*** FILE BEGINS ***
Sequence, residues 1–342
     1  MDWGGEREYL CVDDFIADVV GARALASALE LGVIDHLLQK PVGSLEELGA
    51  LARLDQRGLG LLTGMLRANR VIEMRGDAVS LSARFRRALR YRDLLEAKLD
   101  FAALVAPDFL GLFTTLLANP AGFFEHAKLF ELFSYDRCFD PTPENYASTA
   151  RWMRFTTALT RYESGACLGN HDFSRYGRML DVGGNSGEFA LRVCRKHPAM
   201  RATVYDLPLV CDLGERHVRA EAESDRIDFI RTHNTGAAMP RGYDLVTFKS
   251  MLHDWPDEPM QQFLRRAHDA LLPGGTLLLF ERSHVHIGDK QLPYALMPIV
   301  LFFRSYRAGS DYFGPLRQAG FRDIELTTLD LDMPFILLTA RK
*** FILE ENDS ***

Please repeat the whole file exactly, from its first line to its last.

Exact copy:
Sequence, residues 1–342
     1  MDWGGEREYL CVDDFIADVV GARALASALE LGVIDHLLQK PVGSLEELGA
    51  LARLDQRGLG LLTGMLRANR VIEMRGDAVS LSARFRRALR YRDLLEAKLD
   101  FAALVAPDFL GLFTTLLANP AGFFEHAKLF ELFSYDRCFD PTPENYASTA
   151  RWMRFTTALT RYESGACLGN HDFSRYGRML DVGGNSGEFA LRVCRKHPAM
   201  RATVYDLPLV CDLGERHVRA EAESDRIDFI RTHNTGAAMP RGYDLVTFKS
   251  MLHDWPDEPM QQFLRRAHDA LLPGGTLLLF ERSHVHIGDK QLPYALMPIV
   301  LFFRSYRAGS DYFGPLRQAG FRDIELTTLD LDMPFILLTA RK